LEMOINE THE LOCAL
The happiest rider at the finish of Paris-Tours may well be Cyril Lemoine. The Cofidis rider was born and grew up in Tours, and still lives in the city, so his journey home will be shorter than anybody else’s after the race is over. While other riders are getting shuttled to airports in team cars, team buses and private cars, whatever the logistics spreadsheet dictates, Lemoine could probably walk back to his house, if he wanted. “I’ll be home in 10 minutes, which makes a change from most races,” the 34-year-old says.
Lemoine can remember coming to see the race when he was a child. “The finish wasn’t in the same place,” he says. “You had the entire Avenue de Grammont then, so it was a really big deal. It’s not quite the same race.”
Lemoine’s Cofidis hadn’t enjoyed a successful day. They’d started the race with the intention of piloting Nacer Bouhanni to a sprint at the finish, but the team weren’t up to the task on the day, and Bouhanni missed the boat, albeit along with most of the other sprinters present here. In the end, Bouhanni didn’t even bother to sprint – trying to be first home in the third group on the road, which would sprint for 18th place, was below him and he finished back in 22nd.
“It wasn’t the result we wanted,” says Lemoine. “When the rain came we were sliding around a bit, and having to close gaps made a difference in the final. I also admit that I wasn’t in the best shape – not at 100 per cent, and I was starting to lose form at the end of the season. That’s the way it goes. But now we have a chance to rest and look back over this season and forward to the next.”
Lemoine’s career trajectory has taken him from the Crédit Agricole team, for whom he rode between 2005 and 2008, through Skil-Shimano in 2009, Saur-Sojasun from 2010 to 2013 and Cofidis since 2014. (In a six-degrees-of-Kevin-Bacon style coincidence that is typical of the sport, he rode with Paris-Tours organiser Cédric Coutouly at Sojasun in 2010.)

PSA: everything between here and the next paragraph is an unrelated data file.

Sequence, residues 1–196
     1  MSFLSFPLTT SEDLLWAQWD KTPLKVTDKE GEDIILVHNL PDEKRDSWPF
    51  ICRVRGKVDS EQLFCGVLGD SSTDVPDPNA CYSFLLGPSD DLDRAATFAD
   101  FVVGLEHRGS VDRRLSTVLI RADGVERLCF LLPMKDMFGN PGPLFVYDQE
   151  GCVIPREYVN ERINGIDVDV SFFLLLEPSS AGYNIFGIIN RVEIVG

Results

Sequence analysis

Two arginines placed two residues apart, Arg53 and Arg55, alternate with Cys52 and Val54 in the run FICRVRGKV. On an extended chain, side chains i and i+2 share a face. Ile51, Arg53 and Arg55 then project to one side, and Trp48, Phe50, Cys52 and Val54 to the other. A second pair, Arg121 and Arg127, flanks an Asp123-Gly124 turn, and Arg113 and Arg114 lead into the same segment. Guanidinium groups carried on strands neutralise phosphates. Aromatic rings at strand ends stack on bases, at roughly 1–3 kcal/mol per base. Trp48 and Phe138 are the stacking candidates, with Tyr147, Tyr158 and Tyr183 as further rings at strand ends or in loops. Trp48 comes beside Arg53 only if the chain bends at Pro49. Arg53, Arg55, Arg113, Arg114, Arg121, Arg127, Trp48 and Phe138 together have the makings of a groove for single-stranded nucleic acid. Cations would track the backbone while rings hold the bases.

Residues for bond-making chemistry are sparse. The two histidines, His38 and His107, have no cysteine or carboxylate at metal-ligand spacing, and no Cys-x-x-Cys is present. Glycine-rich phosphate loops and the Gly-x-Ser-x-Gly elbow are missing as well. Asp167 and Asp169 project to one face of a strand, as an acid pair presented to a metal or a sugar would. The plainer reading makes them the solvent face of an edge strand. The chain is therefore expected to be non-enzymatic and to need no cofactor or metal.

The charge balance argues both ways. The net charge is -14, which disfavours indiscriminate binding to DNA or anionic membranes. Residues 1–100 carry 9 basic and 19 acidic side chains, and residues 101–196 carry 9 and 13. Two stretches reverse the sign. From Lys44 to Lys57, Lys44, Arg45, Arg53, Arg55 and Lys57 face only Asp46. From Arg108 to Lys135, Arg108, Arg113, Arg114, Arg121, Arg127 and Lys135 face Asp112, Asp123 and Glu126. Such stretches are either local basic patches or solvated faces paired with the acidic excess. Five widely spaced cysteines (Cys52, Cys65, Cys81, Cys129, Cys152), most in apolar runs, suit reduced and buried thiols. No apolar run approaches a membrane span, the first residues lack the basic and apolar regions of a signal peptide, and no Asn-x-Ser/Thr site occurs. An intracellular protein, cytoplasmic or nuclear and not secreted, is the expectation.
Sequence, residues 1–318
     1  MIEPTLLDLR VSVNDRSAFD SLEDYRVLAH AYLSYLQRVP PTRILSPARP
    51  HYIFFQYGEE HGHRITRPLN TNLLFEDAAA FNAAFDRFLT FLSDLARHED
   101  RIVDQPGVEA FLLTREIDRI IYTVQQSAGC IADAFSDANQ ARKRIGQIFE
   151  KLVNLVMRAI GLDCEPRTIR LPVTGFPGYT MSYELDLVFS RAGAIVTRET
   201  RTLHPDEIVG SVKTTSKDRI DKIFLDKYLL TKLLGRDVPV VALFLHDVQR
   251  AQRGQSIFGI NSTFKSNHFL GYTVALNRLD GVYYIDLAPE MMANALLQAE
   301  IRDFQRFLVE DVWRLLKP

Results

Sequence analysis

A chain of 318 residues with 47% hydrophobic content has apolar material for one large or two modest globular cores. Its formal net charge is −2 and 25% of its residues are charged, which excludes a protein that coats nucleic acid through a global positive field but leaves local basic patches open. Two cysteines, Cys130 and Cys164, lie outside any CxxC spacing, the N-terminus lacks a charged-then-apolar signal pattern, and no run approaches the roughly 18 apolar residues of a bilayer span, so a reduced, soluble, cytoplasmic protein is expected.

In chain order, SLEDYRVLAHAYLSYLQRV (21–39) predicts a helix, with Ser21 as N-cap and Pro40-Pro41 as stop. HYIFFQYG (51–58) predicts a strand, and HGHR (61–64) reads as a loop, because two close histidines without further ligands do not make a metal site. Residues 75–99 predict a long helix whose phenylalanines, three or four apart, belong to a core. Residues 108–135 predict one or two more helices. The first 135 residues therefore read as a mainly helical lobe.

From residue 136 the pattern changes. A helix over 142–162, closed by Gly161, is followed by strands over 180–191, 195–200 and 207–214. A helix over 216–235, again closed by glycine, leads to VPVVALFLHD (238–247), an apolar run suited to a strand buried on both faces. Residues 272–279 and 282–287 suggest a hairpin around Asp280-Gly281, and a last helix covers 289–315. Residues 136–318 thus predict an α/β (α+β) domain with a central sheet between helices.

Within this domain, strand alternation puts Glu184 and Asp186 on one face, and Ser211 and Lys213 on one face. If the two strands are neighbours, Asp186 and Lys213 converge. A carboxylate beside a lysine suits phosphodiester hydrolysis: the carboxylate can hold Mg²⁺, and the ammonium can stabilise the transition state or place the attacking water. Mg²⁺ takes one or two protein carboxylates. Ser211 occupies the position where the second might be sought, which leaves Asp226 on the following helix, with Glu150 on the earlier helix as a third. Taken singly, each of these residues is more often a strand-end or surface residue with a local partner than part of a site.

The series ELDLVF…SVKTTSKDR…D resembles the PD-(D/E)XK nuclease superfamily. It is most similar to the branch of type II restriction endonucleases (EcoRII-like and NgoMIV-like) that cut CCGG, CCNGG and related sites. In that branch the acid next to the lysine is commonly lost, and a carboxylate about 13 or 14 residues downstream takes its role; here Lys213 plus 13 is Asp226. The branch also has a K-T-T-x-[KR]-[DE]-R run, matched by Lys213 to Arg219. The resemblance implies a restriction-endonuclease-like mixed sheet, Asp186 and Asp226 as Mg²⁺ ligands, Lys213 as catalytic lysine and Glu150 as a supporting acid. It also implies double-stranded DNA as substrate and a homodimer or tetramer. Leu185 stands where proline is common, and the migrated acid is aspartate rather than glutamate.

He might not have had the legs to be a protagonist in the race, but Lemoine feels that there was an advantage to competing at home particularly as he should have the inside knowledge on what sort of racing can be expected.
“I know the roads from the final well. I told my team-mates where they needed to be well placed,” he explains. “It’s an advantage, but you still need to have the legs in the finale. I train on the Beau Soleil and Épan from time to time, but generally I head to the north to train, or towards Sarthe.”
The drizzle that dampened the race on the run-in to Tours has arrived in the city, and as the clouds roll in there is an end-ofterm feel as the riders say goodbye to each other for the last time in 2017. The drizzle gets heavier as the buses start to rev their engines and join the traffic jam to get away and start to make the journey home. They head out one by one, the riders are gone and all that is left is for the roadies to break up the finish line barriers and give the Avenue de Grammont back to the city. The European cycling season is over.